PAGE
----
John – here’s a helpful chart that shows what is contributing to our current growth in debt. There is no question it is growing and needs to be curtailed. It’s just a matter of whether it will be 100% cuts (GOP plan) or cuts and revenue (Obama plan).
Let me try that link again.
David B.- I’ve tried the link a few different times and I cannot get it to work. It might be operator problems on this end, but what was the basic web-site where you found this?
David- I have a couple links here just addressing illegal aliens and their impact upon the American economy. Interesting reading.
One of the articles I think demonstrates the inequity between minimum wage and poverty level. All the legislation we have enacted to set certain minimum wage levels has done nothing in real life to get people out of poverty. In the article, the problem is not a lack of work ethic. It is a problem of taxable wages, with the imigrants costing the system more than they contribute. You can call this corporate greed if you want, but which of us is willing to pay $8.00 a pound for a chicken just so those involved in raising them can make a living? What is that famous line, we have seen the enemy and he is us?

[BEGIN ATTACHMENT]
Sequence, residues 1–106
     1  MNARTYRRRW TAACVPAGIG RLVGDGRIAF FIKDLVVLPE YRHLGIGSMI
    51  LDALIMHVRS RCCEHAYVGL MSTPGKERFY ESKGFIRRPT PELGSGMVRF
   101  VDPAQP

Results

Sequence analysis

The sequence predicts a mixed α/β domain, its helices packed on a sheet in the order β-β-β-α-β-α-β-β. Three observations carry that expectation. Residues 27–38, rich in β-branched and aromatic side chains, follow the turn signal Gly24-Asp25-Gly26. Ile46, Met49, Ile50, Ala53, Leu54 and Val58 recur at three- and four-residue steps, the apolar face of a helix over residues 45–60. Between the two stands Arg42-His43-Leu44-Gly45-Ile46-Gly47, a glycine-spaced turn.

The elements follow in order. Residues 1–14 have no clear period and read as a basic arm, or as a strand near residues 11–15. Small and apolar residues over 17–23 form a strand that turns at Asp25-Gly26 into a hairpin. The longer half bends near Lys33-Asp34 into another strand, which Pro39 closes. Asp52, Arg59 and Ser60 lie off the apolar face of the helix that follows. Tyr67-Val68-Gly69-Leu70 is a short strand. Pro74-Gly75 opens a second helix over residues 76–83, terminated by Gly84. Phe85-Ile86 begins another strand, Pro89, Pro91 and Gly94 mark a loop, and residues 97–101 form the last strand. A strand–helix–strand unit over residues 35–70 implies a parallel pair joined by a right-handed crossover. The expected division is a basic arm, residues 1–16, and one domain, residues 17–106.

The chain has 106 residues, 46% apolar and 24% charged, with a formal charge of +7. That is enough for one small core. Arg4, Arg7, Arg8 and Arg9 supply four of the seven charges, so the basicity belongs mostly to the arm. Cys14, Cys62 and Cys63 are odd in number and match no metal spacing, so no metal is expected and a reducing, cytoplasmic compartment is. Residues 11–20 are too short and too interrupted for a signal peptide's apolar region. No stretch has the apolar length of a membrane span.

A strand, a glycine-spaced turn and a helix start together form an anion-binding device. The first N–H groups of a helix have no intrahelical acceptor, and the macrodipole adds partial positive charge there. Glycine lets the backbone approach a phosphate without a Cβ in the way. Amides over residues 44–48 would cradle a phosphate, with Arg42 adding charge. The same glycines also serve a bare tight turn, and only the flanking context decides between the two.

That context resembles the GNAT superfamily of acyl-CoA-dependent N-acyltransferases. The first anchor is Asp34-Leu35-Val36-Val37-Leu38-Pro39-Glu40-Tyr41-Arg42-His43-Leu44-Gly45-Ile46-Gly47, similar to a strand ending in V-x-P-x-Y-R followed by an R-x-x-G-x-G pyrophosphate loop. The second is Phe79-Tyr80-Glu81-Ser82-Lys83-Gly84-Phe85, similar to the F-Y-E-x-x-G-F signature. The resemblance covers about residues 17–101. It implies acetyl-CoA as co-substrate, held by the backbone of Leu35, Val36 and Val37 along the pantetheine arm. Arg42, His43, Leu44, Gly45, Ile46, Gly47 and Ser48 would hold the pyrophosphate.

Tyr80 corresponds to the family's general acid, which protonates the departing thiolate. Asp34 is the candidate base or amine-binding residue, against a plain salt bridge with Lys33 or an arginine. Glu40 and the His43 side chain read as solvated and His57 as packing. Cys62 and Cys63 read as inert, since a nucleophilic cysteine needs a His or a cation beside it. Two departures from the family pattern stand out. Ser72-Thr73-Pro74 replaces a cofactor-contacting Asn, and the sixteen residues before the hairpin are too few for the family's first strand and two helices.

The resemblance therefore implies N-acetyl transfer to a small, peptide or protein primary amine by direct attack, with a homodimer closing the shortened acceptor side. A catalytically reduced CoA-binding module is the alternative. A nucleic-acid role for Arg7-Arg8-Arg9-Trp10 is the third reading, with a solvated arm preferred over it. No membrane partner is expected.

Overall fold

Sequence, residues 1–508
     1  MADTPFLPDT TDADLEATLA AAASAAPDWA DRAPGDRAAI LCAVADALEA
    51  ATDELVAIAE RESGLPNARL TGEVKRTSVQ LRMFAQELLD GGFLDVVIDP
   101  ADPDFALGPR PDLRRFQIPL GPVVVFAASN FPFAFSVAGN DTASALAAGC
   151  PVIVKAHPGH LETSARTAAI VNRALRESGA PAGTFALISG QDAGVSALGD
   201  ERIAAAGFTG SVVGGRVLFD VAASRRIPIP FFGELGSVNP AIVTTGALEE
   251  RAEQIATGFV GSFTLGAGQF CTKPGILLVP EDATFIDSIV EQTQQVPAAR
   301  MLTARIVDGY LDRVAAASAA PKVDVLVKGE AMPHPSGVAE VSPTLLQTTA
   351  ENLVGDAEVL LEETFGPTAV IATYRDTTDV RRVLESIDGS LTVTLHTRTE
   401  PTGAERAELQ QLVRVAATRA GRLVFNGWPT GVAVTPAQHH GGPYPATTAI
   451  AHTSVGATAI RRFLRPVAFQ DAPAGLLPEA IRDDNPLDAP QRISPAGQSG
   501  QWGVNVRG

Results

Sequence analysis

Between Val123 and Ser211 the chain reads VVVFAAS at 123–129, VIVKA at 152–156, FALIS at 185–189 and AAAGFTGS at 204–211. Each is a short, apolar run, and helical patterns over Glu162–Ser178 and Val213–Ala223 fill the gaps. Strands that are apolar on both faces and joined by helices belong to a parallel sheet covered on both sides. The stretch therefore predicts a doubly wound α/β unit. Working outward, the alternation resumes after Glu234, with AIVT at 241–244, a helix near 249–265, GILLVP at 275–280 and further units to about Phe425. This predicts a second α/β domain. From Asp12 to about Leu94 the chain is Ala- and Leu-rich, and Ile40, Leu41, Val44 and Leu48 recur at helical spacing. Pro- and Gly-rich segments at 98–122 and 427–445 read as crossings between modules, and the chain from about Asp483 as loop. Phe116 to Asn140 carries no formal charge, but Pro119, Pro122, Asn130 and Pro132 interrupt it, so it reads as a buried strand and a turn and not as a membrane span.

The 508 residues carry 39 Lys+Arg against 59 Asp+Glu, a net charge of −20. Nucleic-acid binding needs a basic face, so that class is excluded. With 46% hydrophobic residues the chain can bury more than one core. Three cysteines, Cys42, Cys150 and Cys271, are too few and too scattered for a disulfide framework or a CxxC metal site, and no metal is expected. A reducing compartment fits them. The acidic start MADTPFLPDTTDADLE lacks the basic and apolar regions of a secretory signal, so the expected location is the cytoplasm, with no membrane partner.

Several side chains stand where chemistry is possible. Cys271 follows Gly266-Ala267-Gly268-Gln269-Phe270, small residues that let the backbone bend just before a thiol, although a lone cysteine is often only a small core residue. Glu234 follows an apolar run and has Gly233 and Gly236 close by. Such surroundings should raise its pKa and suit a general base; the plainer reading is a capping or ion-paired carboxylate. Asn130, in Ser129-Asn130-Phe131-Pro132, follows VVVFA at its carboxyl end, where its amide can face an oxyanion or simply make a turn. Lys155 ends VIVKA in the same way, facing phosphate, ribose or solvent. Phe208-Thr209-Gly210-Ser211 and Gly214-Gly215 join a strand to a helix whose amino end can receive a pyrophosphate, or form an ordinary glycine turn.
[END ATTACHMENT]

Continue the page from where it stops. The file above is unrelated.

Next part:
One of my daughters and sons-in-law have a friend who has left the corporate world and bought a farm to practice sustainable agriculture. My son-in-law was telling me about the costs in producing a chicken using sustainable methods to sell as a meal in a restaurant. It would cost (no profit, yet)$20.00. This is the stumbling block we have gotten ourselves into. We have become used to having cheap goods so we can have more leisure.
John – I think you are just showing off your skills at linking to articles 🙂 The article is by Ezra Klein, a Washington Post columnist who writes on politics. The article includes a chart that shows the sources for debt as a share of GDP. The Bush era tax cuts are by far the biggest contributor to the debt going forward. The article argues that we have both a spending and a taxing problem and that the stimulus has a much smaller impact on debt than one might suspect and the Bush era tax cuts have a larger effect. If you highlight the link and the right click and select “go to” it should take you there.